The long-discussed rumors have finally come true. Allegiant, long loyal to the MD-80, is branching out. Starting later this year, they’ll start flying 757s to Hawai’i. There has some really cool potential, especially some right in my backyard.
The plan is for Allegiant to buy 6 757-200s. The first two are to be delivered within a couple months and will go into service by the fourth quarter. Two more will go into service in the first half of 2011. The last two will go into service in the first half of 2012. This brings up two very big questions.
1) Where are they going to fly these things?
Allegiant’s model has always been to bring people from smaller cities with little service to large sun/vacation destinations a couple times a week. I don’t expect that to change. They tell us that these 757s are going to be used for Hawai’i flying. So we know that Hawai’i is the sun destination, but where will they be bringing people from?
I have one idea that makes me particularly excited, and it marks the first time that a sun destination and a spoke city are only 20 minutes apart. Long Beach. Allegiant will start service from Long Beach in August, so the timing is only slightly off, but I’m sure they can figure that out. This makes perfect sense. You can fly any number of airlines from LAX to Hawai’i and there is service from Orange County as well. But Long Beach doesn’t have any flights to Hawai’i at all, and the beauty for Allegiant is that it’s unlikely that it will ever face competition.
JetBlue doesn’t have the airplanes to make Hawai’i, so that’s not a real threat unless they buy a new fleet which seems unlikely in the near future. The other players either don’t have the fleet for it or they wouldn’t have any interest. That gives the market to Allegiant.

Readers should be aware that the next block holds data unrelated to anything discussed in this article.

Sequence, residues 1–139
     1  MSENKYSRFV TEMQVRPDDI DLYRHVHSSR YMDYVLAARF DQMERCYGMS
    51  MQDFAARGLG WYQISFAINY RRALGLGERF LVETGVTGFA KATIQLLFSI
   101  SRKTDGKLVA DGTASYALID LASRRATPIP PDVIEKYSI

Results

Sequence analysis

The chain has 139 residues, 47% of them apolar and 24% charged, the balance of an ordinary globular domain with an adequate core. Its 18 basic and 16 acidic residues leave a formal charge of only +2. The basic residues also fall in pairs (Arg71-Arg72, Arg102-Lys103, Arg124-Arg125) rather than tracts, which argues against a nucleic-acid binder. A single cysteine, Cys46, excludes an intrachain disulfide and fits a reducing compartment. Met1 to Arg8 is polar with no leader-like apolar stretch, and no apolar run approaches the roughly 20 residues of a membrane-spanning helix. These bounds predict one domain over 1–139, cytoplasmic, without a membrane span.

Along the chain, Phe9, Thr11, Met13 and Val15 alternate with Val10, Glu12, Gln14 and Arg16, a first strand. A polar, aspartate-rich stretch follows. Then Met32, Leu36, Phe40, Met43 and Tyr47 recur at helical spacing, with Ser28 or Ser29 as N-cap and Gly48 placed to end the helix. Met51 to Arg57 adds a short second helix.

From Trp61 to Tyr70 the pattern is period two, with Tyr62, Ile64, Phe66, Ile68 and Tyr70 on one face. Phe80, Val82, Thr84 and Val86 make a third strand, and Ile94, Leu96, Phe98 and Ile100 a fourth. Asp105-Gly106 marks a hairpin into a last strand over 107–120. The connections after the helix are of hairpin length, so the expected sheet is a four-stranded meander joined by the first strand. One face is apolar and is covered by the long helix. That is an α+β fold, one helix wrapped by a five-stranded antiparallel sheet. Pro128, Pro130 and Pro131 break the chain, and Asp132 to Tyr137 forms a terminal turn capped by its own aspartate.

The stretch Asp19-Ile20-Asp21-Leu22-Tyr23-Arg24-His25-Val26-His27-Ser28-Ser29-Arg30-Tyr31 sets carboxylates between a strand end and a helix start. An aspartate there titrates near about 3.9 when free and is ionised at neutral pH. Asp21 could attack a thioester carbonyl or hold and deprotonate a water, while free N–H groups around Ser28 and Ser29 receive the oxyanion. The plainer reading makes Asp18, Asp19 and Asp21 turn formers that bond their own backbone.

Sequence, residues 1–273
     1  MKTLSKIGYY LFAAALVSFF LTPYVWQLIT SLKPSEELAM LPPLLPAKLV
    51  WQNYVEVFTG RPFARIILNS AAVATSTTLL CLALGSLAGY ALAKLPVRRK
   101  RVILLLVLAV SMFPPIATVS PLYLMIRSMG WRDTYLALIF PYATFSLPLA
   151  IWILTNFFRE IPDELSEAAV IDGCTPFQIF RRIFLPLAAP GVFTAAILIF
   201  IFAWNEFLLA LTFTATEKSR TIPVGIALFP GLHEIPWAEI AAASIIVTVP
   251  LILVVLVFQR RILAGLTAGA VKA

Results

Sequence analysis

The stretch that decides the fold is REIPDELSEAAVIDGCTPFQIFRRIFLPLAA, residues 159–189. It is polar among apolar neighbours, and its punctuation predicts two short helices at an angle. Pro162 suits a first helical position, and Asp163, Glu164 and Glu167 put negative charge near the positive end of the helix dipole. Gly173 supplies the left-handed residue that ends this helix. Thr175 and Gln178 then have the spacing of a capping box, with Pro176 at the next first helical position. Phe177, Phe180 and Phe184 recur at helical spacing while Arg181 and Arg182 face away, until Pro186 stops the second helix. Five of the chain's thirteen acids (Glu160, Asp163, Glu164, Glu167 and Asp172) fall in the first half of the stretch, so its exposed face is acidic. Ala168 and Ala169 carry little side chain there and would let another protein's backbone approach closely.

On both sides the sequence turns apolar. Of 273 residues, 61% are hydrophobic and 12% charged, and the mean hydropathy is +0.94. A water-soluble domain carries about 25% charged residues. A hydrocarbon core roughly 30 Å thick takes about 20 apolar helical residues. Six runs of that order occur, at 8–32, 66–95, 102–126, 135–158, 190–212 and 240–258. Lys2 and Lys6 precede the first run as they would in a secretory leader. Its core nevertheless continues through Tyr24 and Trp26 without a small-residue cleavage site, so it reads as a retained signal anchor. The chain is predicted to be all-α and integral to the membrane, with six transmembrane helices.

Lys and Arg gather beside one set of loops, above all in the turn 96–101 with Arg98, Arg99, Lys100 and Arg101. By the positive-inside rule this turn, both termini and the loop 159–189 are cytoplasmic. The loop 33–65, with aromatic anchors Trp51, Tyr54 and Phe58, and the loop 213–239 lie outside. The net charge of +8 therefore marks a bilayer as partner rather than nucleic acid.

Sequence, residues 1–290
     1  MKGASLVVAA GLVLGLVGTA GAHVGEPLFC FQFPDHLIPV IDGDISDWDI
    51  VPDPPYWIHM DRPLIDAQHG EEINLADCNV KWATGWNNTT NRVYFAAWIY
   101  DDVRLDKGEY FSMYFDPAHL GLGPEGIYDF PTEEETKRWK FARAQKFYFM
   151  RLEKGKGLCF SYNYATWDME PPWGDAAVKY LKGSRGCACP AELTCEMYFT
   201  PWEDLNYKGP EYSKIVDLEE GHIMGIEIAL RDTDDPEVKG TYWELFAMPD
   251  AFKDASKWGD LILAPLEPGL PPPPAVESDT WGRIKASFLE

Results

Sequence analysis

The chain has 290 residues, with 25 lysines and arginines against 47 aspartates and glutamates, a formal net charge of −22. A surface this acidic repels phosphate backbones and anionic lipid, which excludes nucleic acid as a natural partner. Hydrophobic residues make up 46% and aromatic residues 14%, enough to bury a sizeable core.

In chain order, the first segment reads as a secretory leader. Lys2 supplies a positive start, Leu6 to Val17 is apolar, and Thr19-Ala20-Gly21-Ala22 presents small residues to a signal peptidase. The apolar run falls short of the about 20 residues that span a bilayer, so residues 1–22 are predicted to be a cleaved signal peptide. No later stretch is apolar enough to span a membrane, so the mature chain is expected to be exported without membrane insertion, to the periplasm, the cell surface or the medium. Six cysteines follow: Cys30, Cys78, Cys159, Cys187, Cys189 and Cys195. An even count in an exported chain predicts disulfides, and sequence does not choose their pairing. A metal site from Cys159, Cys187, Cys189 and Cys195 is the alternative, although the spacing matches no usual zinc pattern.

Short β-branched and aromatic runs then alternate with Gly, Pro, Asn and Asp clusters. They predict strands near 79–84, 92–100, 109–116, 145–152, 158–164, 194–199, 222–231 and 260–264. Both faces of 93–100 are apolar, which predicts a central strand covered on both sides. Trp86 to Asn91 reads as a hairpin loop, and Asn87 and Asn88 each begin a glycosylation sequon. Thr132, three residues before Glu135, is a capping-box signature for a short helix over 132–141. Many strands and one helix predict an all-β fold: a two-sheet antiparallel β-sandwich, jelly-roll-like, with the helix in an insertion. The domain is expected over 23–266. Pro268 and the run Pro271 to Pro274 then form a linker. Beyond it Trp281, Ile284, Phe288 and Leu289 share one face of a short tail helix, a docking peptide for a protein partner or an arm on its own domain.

It makes even more sense considering that they already serve LAX from many smaller cities throughout the country. LAX is the sun destination. They don’t want to duplicate that service to Long Beach because Long Beach is more of an origin for large pockets of Southern California than it is a destination. This is a great way for them to open up Hawai’i while tapping into the Southern California market. Oh yeah, and the costs at Long Beach are really cheap. That helps.
I’m sure Long Beach won’t be the only place with Hawai’i flights. The most obvious would be to fly loads of Canadians from Bellingham, Washington. They already siphon off a ton of Canadian traffic there to send them down to Vegas. Considering the amount of lift that already goes from Vancouver to Hawai’i, I bet this would be a slam dunk.
Other than those to markets, I could see the potential for places like Fresno, Monterey, and Eugene a couple times a week. There is really a lot of opportunity for them here, and it fits right into their model.
2) Where are these planes coming from?
I’ve heard plenty of speculation about this, so let me end it for you. Sources tell me that these planes are likely coming from AerCap, an aircraft lessor. AerCap is taking these planes back from TUI’s Thomsonfly subsidiary. If this is true, that puts the planes around an early 1990s vintage. That’s not too old, but just old enough that Allegiant could get a good deal on them.
I’m sure these planes will be stuffed with a bunch of seats to help get travelers to their vacation. The total cost for all these airplanes is expected to be $75 to $90 million to get them ready for service. At $12 to $15 million a plane, that’s cheap under regular circumstances but incredibly pricey compared to Allegiant’s cheap MD-80s.
I’m excited about the prospects here. Very cool move.